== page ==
The Rise of Constructivism: Nicholas Onuf Constructivism is a term coined by Nicholas Onuf in his book ‘The World of Our Making’ (1989). Onuf criticized mainstream theories for not predicitng the end of cold war. He argued that due to their commitment to individualism and materialism, they failed to see the revolutionary ideas to transform the organizations of world politics and state identities. For Onuf, the mainstream theories also would not predict how the future international system would look like after the end of cold war. For him, the distribution power would not predict whether the US would be a global hegemon or would prefer multilateralism and cooperation with other states.
End of the Cold war: who are we? Constructivists argue that states began to debate their national identity (who are we, where do we belong?) in order to determine their interests and the desired international order. The end of the cold war undermined the prominence of traditional security themes and thus neorealism’s dominant position in the literature. The rise of non-security issues such as human rights contributed to the development of constructivism.
IR as a social construction States, alliances or international institutions are examples of social phenomenon in IR. Social phenomena do not exist independent of human meaning and action Focus on change: Idea of social construction suggests difference across context not a single objective reality (e.g. end of Cold War questioned regularities in world politics; transition from conflict to cooperation)
Central themes Social dimensions: Emphasis on norms, rules and language and how material and ideational factors combine in the construction of different possibilities and outcomes. The focus is on the diffusion and internationalization of norms (e.g. spread of liberal democracy) Processes of interaction: Actors make choices in the process of interacting with others bringing historically, culturally and politically distinct ‘realities’ into being (‘world of our making’)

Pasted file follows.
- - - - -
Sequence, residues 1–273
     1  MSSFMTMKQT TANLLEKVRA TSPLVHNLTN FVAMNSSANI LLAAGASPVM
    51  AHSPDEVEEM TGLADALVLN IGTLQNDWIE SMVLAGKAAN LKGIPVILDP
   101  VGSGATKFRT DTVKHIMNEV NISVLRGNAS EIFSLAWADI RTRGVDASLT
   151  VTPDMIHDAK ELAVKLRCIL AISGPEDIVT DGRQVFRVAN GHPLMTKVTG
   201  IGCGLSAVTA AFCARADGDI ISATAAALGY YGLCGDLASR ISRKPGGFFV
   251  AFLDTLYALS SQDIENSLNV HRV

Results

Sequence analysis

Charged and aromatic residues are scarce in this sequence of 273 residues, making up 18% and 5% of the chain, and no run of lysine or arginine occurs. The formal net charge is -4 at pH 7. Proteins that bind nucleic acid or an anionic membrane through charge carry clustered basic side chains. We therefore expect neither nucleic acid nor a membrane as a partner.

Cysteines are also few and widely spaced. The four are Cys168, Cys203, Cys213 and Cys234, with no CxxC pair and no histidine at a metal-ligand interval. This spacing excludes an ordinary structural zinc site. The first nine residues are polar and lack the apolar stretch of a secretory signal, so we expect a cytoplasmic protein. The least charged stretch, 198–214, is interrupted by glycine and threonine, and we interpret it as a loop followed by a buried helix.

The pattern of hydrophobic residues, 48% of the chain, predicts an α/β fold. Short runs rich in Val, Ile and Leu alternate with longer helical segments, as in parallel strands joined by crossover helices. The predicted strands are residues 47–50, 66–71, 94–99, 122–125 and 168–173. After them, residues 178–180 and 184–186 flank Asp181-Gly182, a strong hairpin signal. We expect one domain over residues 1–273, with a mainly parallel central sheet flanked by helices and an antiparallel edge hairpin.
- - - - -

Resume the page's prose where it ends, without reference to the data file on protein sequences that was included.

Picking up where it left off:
Constructivism is a diverse theory Although constructivism is a diverse theory, they are unified on the argument that ideas define international structure that constructs the identities, interests, and foreign policy practices of states. They also agree that non-state actors reproduce that structure and transform it. Constructivism is about human consciousness and its role in international life.
Concrete facts and Social facts Concrete facts such as flowers, oceans, exist independent of human agreement or deny their existence. Social facts on the other hand are dependent on human agreement. Money, terrorism, human rights, and sovereignty are social facts. Social facts are ideas, norms, rules that we hold collectively to be true.
Social Facts Although social facts are dependent on human agreement, we treat them as objective facts and thus as constraints on our action. States are social facts for Constructivists. They are ideas or mental structures. Material facts matter, but human design and intent shapes material objects and give specific meaning and use within a context. The social construction of reality influences how we see the world and also how we see what constitutes acceptable action.
Alternative explanation for power The fact that concepts such as sovereignty or human rights are fixed through politics and that once these meanings are fixed they have consequences for the ability to determine the actions of people suggests an alternative explanation for power. Most IR theorists treat power as the ability of one state to compel another state to do what it otherwise would not. They assume that means of power such as military technology and economic power force states to alter their behavior. Constructivists argue that power is not just material, but also ideational.
Alternative explanation for power When human rights activists ‘name and shame’, they embrass law-breaking governments and try to change their behavior by showing how their behavior is not consistent with existing legal norms. Moreover, the effects of power go beyond the ability to change the behavior. Power also includes how knowledge, fixing of meanings, and the construction of identities allocate different rewards and capacities: If development is defined as per capita income then states and some activities namely industrialization are priviliged; however if development is defined as basic needs, then other actors namely peasants or women become important.